If you’re already subscribed, good: you’re awesome. If not, fix that now by subscribing below the jump and becoming awesome yourself.
A gay rights group is running advertisements on the website of a popular Los Angeles entertainment publication to brow beat the film industry to oppose more forcefully religious liberty legislation that remains stalled in the Georgia General Assembly.
The 158 feature film and television productions shot here in Georgia during the last fiscal year generated an economic impact of $5.1 billion, according to the state Department of Economic Development.
So far, the famously vocal industry has remained silent in the debate over religious freedom, even as other major corporate sectors voiced their opposition.
But Georgia Unites Against Discrimination, a partnership between local Georgia Equality and Washington, D.C-based Human Rights Campaign, hopes the new advertising campaign will loosen Hollywood’s lips in the final two days of the legislative calendar.
The ads are running on the website of Variety, the influential trade publication of the entertainment industry. An official for the group declined to specify the scope of the campaign and instead would only say they were spending “a significant amount.”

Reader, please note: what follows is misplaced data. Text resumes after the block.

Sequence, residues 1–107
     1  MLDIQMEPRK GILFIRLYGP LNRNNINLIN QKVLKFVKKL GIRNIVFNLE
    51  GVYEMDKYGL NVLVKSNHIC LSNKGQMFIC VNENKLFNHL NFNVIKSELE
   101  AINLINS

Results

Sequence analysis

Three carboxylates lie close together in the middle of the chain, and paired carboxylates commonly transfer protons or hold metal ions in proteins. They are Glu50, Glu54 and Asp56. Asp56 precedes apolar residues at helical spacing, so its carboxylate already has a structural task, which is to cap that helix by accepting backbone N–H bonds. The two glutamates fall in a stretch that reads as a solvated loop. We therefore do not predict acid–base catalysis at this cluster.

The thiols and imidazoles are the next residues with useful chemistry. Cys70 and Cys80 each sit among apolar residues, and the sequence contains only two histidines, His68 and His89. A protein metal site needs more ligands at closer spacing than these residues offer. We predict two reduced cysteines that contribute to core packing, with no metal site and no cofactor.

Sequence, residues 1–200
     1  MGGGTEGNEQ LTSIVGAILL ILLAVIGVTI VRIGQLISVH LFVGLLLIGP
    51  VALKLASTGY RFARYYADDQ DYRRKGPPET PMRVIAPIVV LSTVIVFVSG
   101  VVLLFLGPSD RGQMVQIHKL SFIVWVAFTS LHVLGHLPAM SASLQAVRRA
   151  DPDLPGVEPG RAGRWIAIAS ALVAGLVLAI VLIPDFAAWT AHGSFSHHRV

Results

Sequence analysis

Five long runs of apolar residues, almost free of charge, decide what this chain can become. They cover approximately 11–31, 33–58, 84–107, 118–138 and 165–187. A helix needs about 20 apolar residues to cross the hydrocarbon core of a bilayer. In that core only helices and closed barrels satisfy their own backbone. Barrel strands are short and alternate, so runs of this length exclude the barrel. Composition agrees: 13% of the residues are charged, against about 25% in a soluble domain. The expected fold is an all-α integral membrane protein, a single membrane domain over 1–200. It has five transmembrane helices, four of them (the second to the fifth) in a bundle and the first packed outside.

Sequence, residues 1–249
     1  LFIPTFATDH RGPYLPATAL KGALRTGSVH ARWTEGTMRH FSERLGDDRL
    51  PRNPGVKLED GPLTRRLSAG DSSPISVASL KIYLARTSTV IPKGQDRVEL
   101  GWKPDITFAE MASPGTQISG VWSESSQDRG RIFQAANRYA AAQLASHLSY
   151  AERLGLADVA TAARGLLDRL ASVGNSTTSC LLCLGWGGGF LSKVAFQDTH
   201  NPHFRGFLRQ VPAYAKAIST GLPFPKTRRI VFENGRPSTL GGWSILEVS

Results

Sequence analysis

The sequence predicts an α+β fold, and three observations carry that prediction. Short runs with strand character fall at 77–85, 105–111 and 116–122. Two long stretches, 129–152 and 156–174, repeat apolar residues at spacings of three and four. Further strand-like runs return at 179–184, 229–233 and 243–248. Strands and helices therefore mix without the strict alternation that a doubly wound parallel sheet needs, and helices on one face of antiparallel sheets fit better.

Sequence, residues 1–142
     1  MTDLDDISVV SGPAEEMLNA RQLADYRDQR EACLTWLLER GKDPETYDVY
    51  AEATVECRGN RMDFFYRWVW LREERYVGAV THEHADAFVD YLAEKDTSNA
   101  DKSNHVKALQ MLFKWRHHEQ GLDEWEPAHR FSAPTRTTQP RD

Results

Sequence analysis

The group is sponsoring a series of advertisements on the website, including leaderboards, skyscrapers, and a full branded skin. See the website take-over after the jump.
The American Collegiate Rowing Association said Monday it was “deeply concerned” with religious freedom legislation under consideration in the Georgia General Assembly.
The rowing conference, which for the last four years has hosted its national championship at the Lake Lanier Olympic Venue, said in a statement that it’s worried the legislation could negatively impact the sport’s gay and lesbian coaches, athletes, and spectators.
“[W]e are deeply concerned with legislation being considered by the Georgia General Assembly … that could negatively impact our athletic community, coaching staff, and fans,” the Monday statement reads. “In particular, we are cognizant of the impact such legislation could have on the LGBT coaches, athletes, and family members who attend the regatta annually.
“ACRA does not stand for discrimination in any form, and we will continue to monitor the issue in Georgia should this legislation be signed into law.”
The group said in the four years it has hosted its championship in Gainesville, the hometown of Gov. Nathan Deal, it has injected $2 million into the local economy.
Earlier Monday the president of the National Collegiate Athletic Association told NBC that the athletic association was also “deeply concerned” that Indiana’s newly-approved religious freedom bill could become a vehicle to discriminate agains gays and lesbians.
Read ACRA’s full statement after the jump.